The Guns of Loos (1928)

The First World War on film: at the BFI and beyond

Anniversaries are bittersweet at the best of times, but this summer marks an especially painful date. It is 100 years since the Battle of the Somme, the largest battle of the first world war, in which more than a million men were killed or injured. The date was marked publicly in the UK this weekend with tributes across the country.

Many people who read this site will know that relatives of their lost their lives in the First World War – almost all of us will have heard family tales of hardship and resilience from those four bruising years. The power of cinema, even during the war when it was only around twenty years old, is that it can show us the small human stories of the home front, as well as the epic tales of the battlefield. In fact, it can tell us the intimate, personal incidents of the trenches, as well as the soothing narrative of stoicism and sentiment back in Blighty. And on the cinema screen, these experiences can be shared with a crowd, and something therapeutic happens when we face our fears together. This summer, you can see some of the contemporary films from WWI, back on the big screen, and at the bottom of this post you will find a two-for-one ticket offer too.

The Battle of the Somme (1916)
The Battle of the Somme (1916)

Back in 1916, millions of Britons flocked to the cinema to see The Battle of the Somme, a documentary that showed the families at home what their boys were facing on the front line. It’s haunting, sometimes terrifying, and always fascinating work – a letter home from the trenches to reassure and inform. A hundred years later, it has lost none of its power. If you want to know more about the film, I highly recommend Lawrence Napper’s article in the current issue of Sight & Sound, in which he calls it “one of the most extraordinary documents of our cinematic history”. Luke McKernan’s excellent Picturegoing site has also posted a contemporary review of the film, which says that it “shakes the kaleidoscope of war into a human reality”.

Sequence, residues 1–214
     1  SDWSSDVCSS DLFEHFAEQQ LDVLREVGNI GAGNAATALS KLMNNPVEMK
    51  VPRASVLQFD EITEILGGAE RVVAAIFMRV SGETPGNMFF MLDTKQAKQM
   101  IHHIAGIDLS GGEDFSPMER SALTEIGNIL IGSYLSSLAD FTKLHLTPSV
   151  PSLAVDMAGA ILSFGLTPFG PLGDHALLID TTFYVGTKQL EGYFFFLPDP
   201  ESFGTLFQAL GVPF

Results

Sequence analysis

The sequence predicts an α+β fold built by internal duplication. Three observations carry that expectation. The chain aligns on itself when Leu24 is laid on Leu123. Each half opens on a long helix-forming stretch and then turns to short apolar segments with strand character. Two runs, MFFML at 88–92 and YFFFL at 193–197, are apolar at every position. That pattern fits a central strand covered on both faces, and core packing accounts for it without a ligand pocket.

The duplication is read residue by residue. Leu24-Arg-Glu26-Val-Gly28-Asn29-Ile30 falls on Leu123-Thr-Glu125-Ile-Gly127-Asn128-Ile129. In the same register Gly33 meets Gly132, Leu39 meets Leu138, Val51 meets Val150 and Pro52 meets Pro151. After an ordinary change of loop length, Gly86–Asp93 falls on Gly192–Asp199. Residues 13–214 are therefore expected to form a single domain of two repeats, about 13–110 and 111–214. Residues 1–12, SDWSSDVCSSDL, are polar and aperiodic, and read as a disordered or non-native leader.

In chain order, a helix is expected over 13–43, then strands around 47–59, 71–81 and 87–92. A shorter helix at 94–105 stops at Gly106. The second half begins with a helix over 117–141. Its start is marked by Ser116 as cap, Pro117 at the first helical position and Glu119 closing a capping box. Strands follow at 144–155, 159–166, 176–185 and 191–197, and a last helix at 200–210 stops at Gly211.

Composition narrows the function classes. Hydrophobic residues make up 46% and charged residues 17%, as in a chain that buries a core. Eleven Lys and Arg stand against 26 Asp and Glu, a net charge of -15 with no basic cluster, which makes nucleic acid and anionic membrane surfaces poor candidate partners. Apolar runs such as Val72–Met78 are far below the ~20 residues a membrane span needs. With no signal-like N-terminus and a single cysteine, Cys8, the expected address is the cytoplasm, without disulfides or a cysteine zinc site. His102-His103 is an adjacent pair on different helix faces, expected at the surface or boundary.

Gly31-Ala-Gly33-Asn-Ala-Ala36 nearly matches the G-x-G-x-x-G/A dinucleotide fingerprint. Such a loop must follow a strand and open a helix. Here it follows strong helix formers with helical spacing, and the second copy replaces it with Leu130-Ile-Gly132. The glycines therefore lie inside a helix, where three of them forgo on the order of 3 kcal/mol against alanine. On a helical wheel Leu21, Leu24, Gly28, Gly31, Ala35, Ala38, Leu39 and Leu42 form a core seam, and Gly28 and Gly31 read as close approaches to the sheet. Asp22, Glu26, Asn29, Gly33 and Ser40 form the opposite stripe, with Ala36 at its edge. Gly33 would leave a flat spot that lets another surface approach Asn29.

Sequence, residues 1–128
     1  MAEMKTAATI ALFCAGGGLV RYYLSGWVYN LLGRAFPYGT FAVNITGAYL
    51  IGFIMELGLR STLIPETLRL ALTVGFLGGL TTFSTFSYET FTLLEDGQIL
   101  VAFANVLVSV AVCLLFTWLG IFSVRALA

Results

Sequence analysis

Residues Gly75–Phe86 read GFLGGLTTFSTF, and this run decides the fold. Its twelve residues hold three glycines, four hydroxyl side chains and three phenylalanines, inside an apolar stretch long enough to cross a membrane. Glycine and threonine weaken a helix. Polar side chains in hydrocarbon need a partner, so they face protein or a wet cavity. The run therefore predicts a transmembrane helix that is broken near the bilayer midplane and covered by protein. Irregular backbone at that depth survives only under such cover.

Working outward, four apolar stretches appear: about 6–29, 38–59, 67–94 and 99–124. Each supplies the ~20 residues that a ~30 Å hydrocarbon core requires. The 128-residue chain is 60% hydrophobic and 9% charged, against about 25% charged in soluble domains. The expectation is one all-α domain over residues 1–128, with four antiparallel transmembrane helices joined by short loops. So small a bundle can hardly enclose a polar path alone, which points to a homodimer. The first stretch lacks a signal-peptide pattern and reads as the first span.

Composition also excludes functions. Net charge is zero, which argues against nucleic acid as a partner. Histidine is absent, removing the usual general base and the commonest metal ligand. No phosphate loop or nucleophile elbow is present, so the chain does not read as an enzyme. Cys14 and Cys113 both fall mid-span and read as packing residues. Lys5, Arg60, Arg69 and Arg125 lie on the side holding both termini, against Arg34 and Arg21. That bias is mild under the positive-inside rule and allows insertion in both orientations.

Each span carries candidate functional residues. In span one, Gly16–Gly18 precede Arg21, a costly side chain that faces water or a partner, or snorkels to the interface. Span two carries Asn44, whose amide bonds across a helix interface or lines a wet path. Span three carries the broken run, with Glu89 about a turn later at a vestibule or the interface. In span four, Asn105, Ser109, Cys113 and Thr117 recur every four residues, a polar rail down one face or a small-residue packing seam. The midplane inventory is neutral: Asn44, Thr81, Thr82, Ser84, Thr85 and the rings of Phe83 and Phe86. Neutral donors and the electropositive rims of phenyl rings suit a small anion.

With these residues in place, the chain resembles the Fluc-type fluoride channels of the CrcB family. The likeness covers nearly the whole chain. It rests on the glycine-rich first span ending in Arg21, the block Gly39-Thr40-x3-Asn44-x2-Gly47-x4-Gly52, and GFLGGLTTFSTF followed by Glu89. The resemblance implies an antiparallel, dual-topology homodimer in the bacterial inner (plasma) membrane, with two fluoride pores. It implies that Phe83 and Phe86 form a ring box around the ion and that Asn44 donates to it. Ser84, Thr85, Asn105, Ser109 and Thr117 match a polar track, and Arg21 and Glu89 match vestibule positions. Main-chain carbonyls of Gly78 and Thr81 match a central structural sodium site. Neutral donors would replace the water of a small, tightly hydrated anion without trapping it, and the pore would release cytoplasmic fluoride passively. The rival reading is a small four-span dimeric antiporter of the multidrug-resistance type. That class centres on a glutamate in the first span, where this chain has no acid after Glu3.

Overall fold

The Battle of the Somme is back in cinemas and concert halls across the world, to mark the centenary, with live orchestral performances of Laura Rossi’s wonderful score. You can read more about that, and find a screening near you, on the official website here. There will be 100 performances in the tour, so there is very likely to be one near you.

bfi-00n-sc3
The Guns of Loos (1928)

The BFI Southbank is screening The Battle of the Somme on 8 and 10 July, with a recorded version of the score, as part of a wider season that looks at the First World War from a fresh perspective. The screenings in July and August this year take a more personal look at the war, from propaganda cartoons, to archive footage of soldiers and volunteers, and feature films that transform the rawness of the war into fiction just a few years after it had ended. I can leave you to explore the season in full on the BFI website, but would recommend that you try to catch The Guns of Loos (1928) on 30 August – a sophisticated psychological drama, which switches between homefront and battlefield, and will be shown with a spellbinding new score from Stephen Horne, performed live. The screening of this at the British Silent Film Festival last year was unforgettable.

couple-of-down-and-outs-01
A Couple of Down and Outs (1923)

Also, I am very excited that Walter Summers’ charming, poignant A Couple of Down and Outs (1923) will be shown, with new English intertitles, and live piano accompaniment. This is a film that could melt the hardest heart – and must be seen.

 

Advertisements

One thought on “The First World War on film: at the BFI and beyond”

Leave a Reply

Fill in your details below or click an icon to log in:

WordPress.com Logo

You are commenting using your WordPress.com account. Log Out / Change )

Twitter picture

You are commenting using your Twitter account. Log Out / Change )

Facebook photo

You are commenting using your Facebook account. Log Out / Change )

Google+ photo

You are commenting using your Google+ account. Log Out / Change )

Connecting to %s